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7802Re: Global profile for ash

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  • jl0242
    Apr 26, 2009
      Cheers John,

      I'm starting to think there is a bigger problem here. I've been doing some googling on this "No help available" error and it actually sounds like it's a bug:

      I installed 'which' via ipkg. Have a look at this output (something's not right here IMO):

      # which find
      # find -maxdepth 1
      BusyBox v1.3.1 (2007-12-29 03:38:35 UTC) multi-call binary

      No help available.

      # /opt/bin/find -maxdepth 1

      Not much more on the list about this problem, but I found a couple of examples:

      --- In nslu2-general@yahoogroups.com, John <jl.050877@...> wrote:
      > On Fri, Apr 24, 2009 at 05:16:46PM -0000, jl0242 wrote:
      > > Okay, now I'm really confused. Looking at this output:
      > >
      > > http://pastebin.com/f5c759f53
      > >
      > > It looks like the path is set correctly. Ash seems to be using a
      > > version of 'find' that's not from /urs/bin *or* /opt/bin. Line
      > > 10 shows output from the version of 'find' that ash is using,
      > > line 15 shows the output from the version in /usr/bin, and line
      > > 29 shows the output from the version in /opt/bin (the findutils
      > > version, the version that I actually want). (don't know where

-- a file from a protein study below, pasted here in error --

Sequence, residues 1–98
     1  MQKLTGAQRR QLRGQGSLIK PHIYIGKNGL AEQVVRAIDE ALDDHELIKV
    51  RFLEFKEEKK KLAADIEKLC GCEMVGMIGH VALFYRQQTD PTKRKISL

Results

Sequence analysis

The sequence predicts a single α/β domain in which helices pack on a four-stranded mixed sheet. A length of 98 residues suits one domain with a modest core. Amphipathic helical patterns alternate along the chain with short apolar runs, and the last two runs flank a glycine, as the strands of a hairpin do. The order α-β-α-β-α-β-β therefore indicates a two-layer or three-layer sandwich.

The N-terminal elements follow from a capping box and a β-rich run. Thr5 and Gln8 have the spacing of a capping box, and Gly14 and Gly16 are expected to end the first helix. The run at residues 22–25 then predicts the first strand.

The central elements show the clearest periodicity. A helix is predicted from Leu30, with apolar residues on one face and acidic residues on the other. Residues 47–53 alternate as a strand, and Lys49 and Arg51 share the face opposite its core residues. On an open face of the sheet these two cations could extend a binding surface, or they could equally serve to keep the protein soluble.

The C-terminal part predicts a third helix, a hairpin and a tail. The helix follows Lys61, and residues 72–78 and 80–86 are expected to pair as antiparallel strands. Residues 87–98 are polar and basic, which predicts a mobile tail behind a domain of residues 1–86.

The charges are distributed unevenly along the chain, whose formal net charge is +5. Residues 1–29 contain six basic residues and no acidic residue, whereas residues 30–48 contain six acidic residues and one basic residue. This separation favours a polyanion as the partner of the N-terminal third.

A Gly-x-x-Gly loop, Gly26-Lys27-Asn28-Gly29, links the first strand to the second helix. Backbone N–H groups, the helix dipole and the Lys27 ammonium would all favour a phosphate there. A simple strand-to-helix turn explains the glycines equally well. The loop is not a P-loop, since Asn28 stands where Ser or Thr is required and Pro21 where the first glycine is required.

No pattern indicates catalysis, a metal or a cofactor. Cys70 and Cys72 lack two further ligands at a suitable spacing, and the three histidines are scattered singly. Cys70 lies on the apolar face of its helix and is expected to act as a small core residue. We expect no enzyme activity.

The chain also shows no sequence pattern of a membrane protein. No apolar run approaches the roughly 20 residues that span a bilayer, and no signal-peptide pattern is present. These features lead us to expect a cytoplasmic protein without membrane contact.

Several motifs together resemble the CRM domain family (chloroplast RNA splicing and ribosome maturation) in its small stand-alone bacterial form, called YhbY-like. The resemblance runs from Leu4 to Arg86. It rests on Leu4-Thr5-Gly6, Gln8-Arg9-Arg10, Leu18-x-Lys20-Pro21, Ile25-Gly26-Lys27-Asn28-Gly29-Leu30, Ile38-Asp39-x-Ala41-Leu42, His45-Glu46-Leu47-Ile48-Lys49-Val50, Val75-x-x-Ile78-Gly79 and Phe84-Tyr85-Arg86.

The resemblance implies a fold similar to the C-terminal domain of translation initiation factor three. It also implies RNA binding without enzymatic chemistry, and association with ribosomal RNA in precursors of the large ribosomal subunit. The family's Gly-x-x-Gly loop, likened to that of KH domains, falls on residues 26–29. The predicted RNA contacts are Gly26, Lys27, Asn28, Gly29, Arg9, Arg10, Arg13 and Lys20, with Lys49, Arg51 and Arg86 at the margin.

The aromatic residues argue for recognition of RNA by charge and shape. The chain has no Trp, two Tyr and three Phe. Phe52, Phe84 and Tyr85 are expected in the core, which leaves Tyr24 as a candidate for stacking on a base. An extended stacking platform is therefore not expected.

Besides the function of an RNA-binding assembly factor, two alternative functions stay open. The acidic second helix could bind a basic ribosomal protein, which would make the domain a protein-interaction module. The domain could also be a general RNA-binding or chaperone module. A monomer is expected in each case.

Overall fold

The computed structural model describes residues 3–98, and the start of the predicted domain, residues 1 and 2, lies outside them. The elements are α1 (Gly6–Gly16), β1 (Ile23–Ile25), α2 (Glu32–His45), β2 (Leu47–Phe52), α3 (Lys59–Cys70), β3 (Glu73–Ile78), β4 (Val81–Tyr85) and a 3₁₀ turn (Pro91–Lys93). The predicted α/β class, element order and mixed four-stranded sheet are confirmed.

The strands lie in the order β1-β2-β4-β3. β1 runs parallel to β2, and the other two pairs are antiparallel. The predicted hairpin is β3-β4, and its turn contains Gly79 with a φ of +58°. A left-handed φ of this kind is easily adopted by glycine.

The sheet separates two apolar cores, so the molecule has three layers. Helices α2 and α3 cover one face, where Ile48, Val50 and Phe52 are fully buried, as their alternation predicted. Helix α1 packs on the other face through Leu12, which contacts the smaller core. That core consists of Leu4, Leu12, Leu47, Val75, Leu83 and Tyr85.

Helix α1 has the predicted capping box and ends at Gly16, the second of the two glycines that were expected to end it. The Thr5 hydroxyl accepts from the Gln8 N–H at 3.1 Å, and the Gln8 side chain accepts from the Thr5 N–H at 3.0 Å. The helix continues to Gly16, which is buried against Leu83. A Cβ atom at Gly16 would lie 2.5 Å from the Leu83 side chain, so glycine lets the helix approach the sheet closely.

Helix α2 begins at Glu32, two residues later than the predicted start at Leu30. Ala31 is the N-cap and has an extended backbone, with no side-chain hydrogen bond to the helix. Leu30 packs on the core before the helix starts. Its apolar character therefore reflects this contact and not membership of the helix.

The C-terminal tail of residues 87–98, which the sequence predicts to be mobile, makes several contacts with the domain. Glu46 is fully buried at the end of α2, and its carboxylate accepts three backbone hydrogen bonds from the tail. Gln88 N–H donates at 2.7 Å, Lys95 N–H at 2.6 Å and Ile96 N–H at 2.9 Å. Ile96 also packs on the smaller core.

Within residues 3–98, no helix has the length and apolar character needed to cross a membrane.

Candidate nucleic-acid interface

> > this is being set from, but I suppose that doesn't matter)
      > Actually, for some shells, it does matter when the path was
      > set. For speed, some shells will cache the location of an
      > executable and the cache is not necessarily flushed or updated when
      > you change the path. Ash, however, is likely too lightweight to have
      > this feature.
      > > Since the steps clearly show that /opt/bin is at the front of the path
      > According to the printout, /opt/bin is not at the front of the
      > path: /opt/sbin is. It may seem unlikely but did you check to see
      > if /opt/sbin has your third version of find?
      > > - where on earth is ash getting getting this 3rd copy of find??
      > Did you try "which find"? Most shells have a "which" command to
      > tell you the shell's opinion of the location of an executable.
      > John
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